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The University of Southampton
Economic, Social and Political Sciences

Researchers receive £2.6 million to help improve supply of electricity in rural Africa

Published: 18 November 2009 Origin:  Social Statistics and Demography

A consortium led by researchers at the University of Southampton's Civil Engineering and the Environment and Social Sciences has been awarded funding of £2.6 million to develop sustainable off-grid electricity supply systems in rural Africa.

The funding from the Engineering and Physical Sciences Research Council (EPSRC) and the UK government's Department for International Development (DFID) will enable the consortium of partners headed by the University of Southampton's Professor AbuBakr Bahaj to undertake the electrification of villages in rural Africa and assess the impact of the provision of electricity on people's lives against United Nations Millennium Development Goals.

In many developing countries the upfront cost of connecting rural villages to the nearest electrical distribution network is, and is likely to remain, prohibitively expensive. A reliable electrical supply is, however, vital for development in key areas including health, education and small businesses.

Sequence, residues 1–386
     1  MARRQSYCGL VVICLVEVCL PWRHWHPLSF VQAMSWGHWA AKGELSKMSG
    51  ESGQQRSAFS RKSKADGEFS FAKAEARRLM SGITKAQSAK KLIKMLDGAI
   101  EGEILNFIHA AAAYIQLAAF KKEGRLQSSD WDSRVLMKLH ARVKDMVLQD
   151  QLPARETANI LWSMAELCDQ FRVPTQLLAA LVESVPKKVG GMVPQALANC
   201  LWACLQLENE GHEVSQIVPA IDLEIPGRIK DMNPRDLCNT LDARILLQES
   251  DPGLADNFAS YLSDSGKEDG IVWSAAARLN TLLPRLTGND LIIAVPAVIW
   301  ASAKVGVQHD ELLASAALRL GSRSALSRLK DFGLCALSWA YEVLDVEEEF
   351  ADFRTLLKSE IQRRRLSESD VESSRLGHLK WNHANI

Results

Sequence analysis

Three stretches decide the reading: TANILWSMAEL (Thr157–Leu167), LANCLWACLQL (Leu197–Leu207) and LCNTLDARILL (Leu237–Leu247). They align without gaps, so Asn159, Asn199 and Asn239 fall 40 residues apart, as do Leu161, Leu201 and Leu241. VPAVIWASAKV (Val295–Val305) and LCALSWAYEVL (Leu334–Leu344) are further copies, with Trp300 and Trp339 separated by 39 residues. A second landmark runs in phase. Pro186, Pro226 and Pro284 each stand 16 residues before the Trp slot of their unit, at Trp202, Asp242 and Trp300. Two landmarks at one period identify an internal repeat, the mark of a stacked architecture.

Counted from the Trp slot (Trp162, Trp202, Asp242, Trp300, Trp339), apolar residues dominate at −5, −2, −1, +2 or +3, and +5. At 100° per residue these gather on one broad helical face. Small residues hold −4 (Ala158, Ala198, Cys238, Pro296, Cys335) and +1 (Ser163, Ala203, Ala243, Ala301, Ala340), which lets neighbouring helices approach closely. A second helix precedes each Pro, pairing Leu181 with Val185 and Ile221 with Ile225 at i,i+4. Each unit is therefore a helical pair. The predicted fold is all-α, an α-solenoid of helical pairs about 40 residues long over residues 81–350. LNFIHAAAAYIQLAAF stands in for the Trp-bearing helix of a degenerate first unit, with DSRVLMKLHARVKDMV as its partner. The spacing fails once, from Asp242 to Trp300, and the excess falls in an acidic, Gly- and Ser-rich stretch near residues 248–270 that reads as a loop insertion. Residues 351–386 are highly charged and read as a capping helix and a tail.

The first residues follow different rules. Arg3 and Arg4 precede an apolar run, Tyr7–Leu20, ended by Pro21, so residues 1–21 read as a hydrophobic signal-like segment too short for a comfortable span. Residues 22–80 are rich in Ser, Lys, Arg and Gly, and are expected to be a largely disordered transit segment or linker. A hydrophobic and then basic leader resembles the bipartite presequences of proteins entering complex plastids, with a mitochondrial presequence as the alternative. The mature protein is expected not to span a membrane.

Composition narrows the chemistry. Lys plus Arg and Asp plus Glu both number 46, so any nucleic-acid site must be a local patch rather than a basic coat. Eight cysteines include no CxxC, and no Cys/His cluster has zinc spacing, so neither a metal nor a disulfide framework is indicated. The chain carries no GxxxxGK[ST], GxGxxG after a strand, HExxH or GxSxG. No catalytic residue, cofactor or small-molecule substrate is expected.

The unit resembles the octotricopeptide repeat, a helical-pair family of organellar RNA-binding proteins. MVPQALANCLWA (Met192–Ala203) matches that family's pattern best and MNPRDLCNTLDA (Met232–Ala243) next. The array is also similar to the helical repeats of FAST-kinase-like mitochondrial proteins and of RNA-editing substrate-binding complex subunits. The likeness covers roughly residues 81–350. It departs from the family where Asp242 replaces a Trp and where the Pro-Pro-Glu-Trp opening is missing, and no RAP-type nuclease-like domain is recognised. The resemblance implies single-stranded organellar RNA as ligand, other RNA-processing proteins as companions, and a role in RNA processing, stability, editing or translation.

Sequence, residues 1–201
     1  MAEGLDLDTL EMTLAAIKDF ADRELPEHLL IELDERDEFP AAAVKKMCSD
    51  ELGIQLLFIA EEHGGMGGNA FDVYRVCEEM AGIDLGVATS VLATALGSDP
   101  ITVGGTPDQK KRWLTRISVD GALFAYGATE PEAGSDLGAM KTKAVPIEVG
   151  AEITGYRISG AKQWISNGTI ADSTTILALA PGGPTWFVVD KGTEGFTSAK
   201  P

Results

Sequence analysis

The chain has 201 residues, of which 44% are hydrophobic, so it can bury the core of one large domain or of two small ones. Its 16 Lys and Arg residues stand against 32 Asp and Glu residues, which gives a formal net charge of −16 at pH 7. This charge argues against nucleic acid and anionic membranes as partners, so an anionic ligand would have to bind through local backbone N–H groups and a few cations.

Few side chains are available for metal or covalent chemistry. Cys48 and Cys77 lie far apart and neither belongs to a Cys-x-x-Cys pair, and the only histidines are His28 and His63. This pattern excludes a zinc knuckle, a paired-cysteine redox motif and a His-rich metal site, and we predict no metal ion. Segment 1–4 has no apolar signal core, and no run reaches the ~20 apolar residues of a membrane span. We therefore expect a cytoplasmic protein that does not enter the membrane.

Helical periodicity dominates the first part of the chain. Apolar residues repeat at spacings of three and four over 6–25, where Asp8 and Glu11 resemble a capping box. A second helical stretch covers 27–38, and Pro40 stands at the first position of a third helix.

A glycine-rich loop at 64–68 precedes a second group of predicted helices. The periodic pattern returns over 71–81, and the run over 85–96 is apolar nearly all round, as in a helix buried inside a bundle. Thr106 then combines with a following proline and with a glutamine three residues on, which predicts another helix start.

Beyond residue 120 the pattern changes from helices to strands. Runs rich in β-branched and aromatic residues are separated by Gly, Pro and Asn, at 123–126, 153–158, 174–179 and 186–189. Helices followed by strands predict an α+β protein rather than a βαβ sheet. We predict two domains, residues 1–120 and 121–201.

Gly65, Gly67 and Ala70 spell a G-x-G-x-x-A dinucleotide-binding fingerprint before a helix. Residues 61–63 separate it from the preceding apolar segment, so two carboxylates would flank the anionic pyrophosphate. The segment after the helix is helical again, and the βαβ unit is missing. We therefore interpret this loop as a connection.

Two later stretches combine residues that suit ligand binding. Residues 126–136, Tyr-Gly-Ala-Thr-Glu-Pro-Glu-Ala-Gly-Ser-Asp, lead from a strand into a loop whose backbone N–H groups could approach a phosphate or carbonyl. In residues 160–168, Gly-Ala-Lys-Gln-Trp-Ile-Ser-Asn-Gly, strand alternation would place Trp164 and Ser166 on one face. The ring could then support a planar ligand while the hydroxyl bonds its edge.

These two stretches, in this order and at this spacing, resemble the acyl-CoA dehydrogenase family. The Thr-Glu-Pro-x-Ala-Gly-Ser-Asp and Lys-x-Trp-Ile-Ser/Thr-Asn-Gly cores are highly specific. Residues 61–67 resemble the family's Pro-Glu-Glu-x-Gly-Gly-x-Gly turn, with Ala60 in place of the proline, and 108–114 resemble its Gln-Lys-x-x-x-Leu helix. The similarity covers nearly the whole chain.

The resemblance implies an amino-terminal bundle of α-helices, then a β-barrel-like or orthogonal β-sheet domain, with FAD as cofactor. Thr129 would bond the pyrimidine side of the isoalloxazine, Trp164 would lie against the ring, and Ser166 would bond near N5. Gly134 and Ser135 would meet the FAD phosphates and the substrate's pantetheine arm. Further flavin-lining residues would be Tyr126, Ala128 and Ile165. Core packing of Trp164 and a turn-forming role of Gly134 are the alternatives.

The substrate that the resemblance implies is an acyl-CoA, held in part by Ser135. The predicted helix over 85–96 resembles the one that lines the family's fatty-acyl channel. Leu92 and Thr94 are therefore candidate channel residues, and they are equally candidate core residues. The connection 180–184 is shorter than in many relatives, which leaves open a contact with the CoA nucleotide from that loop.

The work will be supported by researchers at Imperial College Business School who will be developing the business models. Seven of the project partners are based in Africa including the University of Nairobi and Jomo Kenyatta University.

Professor Bahaj, from Southampton's Civil Engineering and the Environment, comments: "We are delighted to have received funding from EPSRC and DFID for this project, which aims to implement sustainable electricity supply systems, such as solar energy, that promote development and improve wellbeing in communities and can be replicated and improved through business processes.

"The key question is how can one progress from 'one off' projects to deliver replication models that drive down costs, raise quality and local participation, and enhance the quality of life of villagers.

"Understanding and quantifying the potential socio-economic impact of the electrification schemes lies at the centre of this project."

Professor Nyovani Madise , from the University's Social Sciences, says: "Improving the wellbeing of rural people in Africa is a challenge that requires a multidisciplinary approach. This project will hopefully demonstrate how a single intervention can address multidimensional aspects of rural poverty and health."

The programme was selected through the EPSRC peer review process from among 24 projects (total value of £24 million), will last for five years and starts this autumn.

Gareth Thomas, International Development Minister, said: "The developing world's need for energy is set to increase substantially over the next few decades, and so it is essential that we work to ensure this demand is met through clean, renewable sources.

"That is why the UK Government, through DFID, is involved in this project, which will help to supply the electricity rural Africans need to pull themselves out of poverty without endangering global efforts to tackle climate change."

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